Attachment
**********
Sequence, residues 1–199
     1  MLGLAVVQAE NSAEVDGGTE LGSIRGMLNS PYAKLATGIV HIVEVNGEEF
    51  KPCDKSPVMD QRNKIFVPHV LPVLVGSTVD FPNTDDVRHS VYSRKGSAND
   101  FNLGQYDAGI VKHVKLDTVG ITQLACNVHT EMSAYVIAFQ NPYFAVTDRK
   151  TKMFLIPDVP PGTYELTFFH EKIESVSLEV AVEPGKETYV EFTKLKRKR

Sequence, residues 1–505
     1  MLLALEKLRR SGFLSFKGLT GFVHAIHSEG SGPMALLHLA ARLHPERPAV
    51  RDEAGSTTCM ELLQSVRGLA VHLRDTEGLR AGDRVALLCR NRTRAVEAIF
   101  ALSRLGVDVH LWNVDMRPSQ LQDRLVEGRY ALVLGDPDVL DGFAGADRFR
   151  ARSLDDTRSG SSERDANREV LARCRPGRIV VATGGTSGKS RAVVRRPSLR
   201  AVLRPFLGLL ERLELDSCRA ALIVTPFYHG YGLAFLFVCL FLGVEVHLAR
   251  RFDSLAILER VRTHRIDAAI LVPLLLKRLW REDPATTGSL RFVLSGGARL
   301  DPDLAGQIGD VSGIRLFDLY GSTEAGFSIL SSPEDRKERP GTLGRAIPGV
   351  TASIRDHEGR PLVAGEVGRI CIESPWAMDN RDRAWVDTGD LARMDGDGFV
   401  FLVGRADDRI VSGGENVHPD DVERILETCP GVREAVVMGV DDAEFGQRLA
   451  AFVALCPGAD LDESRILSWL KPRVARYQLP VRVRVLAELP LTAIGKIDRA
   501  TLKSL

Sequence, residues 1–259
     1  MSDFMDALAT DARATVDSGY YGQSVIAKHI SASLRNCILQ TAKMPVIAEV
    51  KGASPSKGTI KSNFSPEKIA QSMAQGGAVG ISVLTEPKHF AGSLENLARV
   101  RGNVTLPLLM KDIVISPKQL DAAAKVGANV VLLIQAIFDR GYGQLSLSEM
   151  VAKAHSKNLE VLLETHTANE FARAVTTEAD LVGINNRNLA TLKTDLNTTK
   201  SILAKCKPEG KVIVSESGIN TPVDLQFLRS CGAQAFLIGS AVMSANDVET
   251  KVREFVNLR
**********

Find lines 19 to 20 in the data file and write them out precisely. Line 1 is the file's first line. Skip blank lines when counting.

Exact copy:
     1  MSDFMDALAT DARATVDSGY YGQSVIAKHI SASLRNCILQ TAKMPVIAEV
    51  KGASPSKGTI KSNFSPEKIA QSMAQGGAVG ISVLTEPKHF AGSLENLARV